Now, If You REALLY Wanted To Stimulate The Economy . . .
You would be in favor of free trade. You would push for free trade proposals that would augment consumer choice and encourage spending because consumers would (rightfully) believe that their wants and desires for various goods are being catered to. You would encourage competition through free trade, competition that makes for better businesses, cheaper goods, happier consumers and a better quality of life in general. | Read More »
No Doha For You!
As if the cause of free trade has not absorbed enough in terms of insults and injury, yet another attack on it was launched by the World Trade Organization–this one, through inaction: The World Trade Organisation has dropped plans to convene ministers to push for an outline deal in the troubled global trade talks – a further blow to world leaders’ promises to combat protectionism.Pascal | Read More »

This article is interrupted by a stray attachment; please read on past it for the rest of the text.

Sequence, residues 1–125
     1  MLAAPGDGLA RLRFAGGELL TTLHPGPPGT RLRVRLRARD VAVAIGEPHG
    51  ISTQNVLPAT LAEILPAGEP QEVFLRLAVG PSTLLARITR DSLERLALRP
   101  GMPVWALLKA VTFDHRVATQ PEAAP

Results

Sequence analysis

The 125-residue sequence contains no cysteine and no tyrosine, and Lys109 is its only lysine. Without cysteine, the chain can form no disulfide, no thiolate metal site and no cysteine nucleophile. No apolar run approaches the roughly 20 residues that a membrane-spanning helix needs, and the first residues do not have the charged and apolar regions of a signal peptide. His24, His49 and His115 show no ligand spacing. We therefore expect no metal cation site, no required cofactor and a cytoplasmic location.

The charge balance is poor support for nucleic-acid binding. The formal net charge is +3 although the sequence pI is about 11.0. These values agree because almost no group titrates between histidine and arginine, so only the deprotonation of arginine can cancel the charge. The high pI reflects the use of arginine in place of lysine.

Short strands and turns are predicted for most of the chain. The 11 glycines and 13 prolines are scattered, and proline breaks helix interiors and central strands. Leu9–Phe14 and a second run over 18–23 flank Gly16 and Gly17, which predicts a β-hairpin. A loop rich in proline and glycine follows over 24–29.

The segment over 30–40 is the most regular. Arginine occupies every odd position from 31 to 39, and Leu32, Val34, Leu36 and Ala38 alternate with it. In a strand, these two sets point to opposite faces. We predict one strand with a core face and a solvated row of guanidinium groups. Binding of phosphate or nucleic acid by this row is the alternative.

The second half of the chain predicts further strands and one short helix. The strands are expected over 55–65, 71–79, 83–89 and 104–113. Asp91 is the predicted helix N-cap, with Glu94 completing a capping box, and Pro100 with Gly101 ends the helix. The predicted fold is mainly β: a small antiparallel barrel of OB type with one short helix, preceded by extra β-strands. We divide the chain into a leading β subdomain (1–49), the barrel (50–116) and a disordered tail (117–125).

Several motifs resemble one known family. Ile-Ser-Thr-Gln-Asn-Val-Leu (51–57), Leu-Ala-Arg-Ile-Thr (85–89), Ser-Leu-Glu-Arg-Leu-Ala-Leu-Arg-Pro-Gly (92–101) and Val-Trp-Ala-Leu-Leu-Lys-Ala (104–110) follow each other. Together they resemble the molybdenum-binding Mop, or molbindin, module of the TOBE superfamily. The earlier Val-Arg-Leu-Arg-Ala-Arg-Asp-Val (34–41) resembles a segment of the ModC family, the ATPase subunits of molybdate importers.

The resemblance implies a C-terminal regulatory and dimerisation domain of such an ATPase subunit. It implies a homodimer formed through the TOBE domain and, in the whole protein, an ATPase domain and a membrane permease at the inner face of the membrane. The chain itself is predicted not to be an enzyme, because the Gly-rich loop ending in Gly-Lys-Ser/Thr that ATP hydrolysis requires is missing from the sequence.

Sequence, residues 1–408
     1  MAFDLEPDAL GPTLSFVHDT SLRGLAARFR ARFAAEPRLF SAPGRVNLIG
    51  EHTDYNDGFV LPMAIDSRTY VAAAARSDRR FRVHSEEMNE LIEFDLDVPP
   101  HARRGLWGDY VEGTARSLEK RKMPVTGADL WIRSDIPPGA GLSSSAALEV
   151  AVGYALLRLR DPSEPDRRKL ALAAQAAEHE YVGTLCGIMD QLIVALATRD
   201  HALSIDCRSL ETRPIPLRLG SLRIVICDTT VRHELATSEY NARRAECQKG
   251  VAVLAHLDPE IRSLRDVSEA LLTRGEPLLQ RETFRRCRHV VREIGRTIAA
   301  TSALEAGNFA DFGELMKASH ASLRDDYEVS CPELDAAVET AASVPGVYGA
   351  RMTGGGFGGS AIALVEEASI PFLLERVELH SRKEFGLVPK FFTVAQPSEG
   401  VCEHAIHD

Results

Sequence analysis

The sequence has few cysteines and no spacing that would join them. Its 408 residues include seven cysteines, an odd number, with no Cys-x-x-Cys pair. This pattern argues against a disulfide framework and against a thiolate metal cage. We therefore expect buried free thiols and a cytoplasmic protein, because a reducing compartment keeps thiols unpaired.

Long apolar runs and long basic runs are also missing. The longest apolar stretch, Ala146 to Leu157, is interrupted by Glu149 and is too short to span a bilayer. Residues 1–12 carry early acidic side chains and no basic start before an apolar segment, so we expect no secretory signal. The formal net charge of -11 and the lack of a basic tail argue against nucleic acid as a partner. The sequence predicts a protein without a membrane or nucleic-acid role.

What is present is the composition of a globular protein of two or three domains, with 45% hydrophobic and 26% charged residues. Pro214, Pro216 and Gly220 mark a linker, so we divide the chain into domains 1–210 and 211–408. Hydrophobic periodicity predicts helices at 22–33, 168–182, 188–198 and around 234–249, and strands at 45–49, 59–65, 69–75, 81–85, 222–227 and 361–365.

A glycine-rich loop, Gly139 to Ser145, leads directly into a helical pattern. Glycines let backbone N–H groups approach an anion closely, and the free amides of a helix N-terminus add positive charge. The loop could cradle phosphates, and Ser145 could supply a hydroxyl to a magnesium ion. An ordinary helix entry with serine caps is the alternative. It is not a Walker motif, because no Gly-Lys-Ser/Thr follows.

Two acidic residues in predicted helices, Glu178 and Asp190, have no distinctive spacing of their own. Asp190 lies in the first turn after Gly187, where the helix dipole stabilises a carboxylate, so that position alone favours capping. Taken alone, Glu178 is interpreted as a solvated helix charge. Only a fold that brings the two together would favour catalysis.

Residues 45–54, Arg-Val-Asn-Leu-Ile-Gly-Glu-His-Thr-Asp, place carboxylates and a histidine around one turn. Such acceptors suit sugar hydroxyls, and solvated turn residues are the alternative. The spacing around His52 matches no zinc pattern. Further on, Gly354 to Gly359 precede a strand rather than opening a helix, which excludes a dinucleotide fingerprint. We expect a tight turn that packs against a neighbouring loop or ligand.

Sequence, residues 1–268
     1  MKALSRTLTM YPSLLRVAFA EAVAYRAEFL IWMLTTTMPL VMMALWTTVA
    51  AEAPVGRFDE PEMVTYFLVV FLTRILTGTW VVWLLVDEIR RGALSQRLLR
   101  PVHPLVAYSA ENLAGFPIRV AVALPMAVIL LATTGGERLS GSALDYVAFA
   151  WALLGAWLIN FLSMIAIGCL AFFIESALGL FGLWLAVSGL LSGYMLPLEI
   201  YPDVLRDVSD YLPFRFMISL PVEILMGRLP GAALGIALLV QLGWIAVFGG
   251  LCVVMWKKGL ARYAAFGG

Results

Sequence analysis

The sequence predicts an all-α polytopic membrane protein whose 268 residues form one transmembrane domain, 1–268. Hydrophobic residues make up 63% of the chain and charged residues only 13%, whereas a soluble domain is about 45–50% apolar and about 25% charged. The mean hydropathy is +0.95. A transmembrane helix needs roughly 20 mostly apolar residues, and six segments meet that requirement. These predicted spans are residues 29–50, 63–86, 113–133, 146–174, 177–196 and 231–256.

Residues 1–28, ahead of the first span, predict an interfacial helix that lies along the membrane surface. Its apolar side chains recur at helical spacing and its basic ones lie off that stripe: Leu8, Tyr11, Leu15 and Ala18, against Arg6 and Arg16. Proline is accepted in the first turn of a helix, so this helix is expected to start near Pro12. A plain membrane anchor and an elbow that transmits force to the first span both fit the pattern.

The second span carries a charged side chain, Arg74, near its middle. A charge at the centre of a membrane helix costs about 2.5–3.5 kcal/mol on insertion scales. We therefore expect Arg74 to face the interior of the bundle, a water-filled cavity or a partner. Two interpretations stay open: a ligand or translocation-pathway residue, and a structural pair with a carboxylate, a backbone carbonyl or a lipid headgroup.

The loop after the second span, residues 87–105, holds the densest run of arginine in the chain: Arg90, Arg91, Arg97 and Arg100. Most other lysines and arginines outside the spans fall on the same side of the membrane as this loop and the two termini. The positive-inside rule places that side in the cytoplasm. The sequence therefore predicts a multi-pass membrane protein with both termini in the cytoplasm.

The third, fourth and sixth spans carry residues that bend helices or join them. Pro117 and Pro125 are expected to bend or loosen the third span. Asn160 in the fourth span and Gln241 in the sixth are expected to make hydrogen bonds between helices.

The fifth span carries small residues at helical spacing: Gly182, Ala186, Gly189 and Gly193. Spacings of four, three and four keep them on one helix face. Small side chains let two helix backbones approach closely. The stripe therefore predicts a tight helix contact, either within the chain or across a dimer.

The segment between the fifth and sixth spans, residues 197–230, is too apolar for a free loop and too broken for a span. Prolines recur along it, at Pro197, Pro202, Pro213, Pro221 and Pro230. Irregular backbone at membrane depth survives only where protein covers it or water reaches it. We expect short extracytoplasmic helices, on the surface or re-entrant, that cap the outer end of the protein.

Tag Teaming Against Free Trade
The incoming Obama Administration looks set to take a hammer to trade liberalization. In doing so, it promises to make a bad economic situation much, much worse. The hammer blows come in the form of the appointment of Jared Bernstein as the Vice President-elect’s economic adviser and Xavier Becerra’s expected appointment as United States Trade Representative. Bernstein is an opponent of free trade and while | Read More »